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ISO Certifications Your Company Should Strive For

Greg de la Cruz works in the tech industry and is the author of two published titles on Amazon.

There's more to becoming ISO-certified than just accumulating paperwork.

There's more to becoming ISO-certified than just accumulating paperwork.

Why Should Companies Care About ISO Certification?

Companies want to gain a competitive advantage in this globalized marketplace, and they also like having the recognition of being “legit.” And what better way is there for companies to let potential customers take notice than boasting about being ISO certified?

There are millions of organizations, public and private, that have at least one type of ISO certification. Companies strive for multiple ISO certifications, but that doesn’t mean it’s easy getting your first one.

According to the ISO Survey of Management System Standard Certifications—an annual survey that shows the number of valid certificates worldwide—in 2020, there were more than 1.4 million valid certificates for ISO 9001, 14001, and 45001. Does this mean that being ISO certified is not the competitive advantage it once was?

Being ISO certified still counts for something, especially if your organization is young and is relatively unknown. It’s not just about being able to post the certificate or creating a big sign in front of your facility—following the standards set by each specific ISO standard serves to improve your organization and instills discipline among your workers. Each standard is something that not only strengthens the company’s image but also provides confidence among employees.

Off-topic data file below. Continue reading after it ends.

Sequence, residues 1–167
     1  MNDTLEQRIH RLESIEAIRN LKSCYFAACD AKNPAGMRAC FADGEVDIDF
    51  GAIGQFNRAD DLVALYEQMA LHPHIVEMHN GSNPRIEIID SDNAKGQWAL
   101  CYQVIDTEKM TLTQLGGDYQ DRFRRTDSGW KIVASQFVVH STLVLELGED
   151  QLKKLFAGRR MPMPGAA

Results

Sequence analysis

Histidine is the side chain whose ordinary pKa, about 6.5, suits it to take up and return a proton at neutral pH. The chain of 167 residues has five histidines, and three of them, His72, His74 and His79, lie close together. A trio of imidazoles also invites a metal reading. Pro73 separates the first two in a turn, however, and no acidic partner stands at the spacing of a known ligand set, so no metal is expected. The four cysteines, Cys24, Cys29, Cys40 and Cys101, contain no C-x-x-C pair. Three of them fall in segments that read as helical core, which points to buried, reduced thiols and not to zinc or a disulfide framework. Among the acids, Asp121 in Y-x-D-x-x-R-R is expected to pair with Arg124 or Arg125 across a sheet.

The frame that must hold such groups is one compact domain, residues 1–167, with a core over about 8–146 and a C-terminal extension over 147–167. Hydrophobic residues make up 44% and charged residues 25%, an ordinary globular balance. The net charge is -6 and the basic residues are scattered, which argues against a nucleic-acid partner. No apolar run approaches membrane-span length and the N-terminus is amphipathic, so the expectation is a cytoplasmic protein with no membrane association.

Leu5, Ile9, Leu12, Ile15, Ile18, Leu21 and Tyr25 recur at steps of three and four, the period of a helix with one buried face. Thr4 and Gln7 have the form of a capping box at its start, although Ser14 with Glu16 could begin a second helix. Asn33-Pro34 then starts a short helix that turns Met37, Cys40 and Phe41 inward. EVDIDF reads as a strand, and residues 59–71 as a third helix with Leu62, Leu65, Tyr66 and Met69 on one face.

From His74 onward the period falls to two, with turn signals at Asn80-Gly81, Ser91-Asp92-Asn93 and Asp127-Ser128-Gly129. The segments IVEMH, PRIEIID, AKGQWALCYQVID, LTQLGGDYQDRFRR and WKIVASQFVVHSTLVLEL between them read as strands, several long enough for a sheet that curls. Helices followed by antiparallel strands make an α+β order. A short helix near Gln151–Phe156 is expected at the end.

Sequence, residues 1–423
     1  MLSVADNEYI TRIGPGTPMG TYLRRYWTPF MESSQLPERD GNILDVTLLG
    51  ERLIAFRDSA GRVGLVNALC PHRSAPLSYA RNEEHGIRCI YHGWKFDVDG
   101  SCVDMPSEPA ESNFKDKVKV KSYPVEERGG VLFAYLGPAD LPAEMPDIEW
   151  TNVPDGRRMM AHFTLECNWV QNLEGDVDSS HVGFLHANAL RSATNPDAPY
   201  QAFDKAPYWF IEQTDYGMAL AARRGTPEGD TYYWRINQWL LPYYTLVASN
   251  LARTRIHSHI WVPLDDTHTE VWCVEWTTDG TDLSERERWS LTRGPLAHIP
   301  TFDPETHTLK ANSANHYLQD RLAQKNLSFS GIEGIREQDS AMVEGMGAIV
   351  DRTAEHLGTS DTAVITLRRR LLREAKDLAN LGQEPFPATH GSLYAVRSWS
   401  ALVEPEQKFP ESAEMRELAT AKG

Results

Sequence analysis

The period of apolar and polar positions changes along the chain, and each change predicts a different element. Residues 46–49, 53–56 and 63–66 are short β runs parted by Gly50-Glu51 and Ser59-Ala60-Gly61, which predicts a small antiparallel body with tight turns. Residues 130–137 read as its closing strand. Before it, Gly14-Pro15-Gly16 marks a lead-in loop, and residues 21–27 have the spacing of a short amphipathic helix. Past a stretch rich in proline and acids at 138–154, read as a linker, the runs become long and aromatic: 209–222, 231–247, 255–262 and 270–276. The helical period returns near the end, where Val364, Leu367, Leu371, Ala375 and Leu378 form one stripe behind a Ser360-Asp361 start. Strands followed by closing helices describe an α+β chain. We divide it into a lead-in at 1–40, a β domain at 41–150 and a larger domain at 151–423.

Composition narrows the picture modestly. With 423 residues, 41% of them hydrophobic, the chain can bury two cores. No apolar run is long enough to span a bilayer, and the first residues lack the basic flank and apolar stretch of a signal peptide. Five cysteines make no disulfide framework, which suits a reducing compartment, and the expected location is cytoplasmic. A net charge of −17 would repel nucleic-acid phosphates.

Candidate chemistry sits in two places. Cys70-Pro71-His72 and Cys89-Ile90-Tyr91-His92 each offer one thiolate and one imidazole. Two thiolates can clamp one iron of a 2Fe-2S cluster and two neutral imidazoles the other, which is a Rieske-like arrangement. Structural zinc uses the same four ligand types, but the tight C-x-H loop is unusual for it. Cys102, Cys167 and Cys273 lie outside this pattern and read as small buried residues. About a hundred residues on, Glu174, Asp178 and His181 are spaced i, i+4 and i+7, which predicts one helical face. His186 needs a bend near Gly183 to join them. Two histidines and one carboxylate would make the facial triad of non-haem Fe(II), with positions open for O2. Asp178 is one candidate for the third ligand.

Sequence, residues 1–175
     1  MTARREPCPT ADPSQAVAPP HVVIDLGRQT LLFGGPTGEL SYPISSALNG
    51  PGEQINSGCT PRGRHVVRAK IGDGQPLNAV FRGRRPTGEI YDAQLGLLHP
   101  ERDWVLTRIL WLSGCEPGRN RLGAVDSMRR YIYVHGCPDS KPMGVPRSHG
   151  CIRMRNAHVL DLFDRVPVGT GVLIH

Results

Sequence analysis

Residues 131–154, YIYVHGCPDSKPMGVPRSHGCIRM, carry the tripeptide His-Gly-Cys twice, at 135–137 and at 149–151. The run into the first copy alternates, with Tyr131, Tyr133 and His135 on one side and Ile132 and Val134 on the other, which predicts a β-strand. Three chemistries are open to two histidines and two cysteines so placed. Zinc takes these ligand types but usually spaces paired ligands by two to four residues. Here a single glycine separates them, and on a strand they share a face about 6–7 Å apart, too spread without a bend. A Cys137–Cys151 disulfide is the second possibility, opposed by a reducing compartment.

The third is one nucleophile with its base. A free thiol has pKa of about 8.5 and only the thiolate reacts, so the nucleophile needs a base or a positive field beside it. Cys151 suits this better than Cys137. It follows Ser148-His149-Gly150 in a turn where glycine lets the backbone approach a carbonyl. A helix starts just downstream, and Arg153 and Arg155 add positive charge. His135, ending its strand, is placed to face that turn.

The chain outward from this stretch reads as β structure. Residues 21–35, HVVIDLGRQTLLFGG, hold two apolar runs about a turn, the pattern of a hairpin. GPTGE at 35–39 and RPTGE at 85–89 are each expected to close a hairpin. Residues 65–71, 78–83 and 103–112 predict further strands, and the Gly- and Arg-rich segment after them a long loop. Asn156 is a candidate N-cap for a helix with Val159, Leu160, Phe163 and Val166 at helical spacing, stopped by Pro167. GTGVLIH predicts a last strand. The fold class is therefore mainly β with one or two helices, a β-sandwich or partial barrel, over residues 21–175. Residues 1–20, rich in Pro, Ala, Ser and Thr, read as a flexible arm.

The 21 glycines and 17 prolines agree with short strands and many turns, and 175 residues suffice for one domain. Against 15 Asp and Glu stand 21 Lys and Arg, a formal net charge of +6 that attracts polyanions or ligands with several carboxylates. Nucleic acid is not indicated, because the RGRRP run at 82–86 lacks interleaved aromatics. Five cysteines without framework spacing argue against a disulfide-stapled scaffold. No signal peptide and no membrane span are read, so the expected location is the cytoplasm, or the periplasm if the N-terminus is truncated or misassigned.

A Quick Background and History of ISO

When was the International Organization for Standardization formed?

ISO officially came into existence in 1947 with 67 technical committees. These committees were a group of experts focusing on a specific subject. The year prior, 65 delegates from 25 countries came together in London to discuss the future of international standardization. By 1949, the ISO moved its office to a small private house in Geneva, Switzerland, and by the 1950s, it had five members of staff under its Central Secretariat.

What was the first ISO standard?

The first ISO Standard was, surprise, surprise—ISO 1. They were called “Recommendations” at the time, so it was officially called ISO/R 1:1951. The long name of the very first standard was ISO/R 1:1951 Standard reference temperature for geometrical product specification and verification.

ISO 1 has been updated several times, and is now ISO 1:2016 with the long name ISO 1:2016 Geometrical Product Specifications (GPS) – Standard reference temperature for geometrical product specification and verification.

The temperature is fixed at 20 degrees Celsius, which is 293.15 Kelvin and 68 degrees Fahrenheit.

How many ISO standards are there?

There are roughly 22,000 ISO standards to date covering multiple industries. A basic rundown of the different types of standards can be the following:

  • Quality management standards that aid organizations to work more efficiently;
  • Energy management standards that optimize energy consumption;
  • Health and safety standards to reduce work-related accidents;
  • Environmental management standards that reduce environmental impact, reduce waste, and make processes more sustainable;
  • IT security standards for keeping information secure; and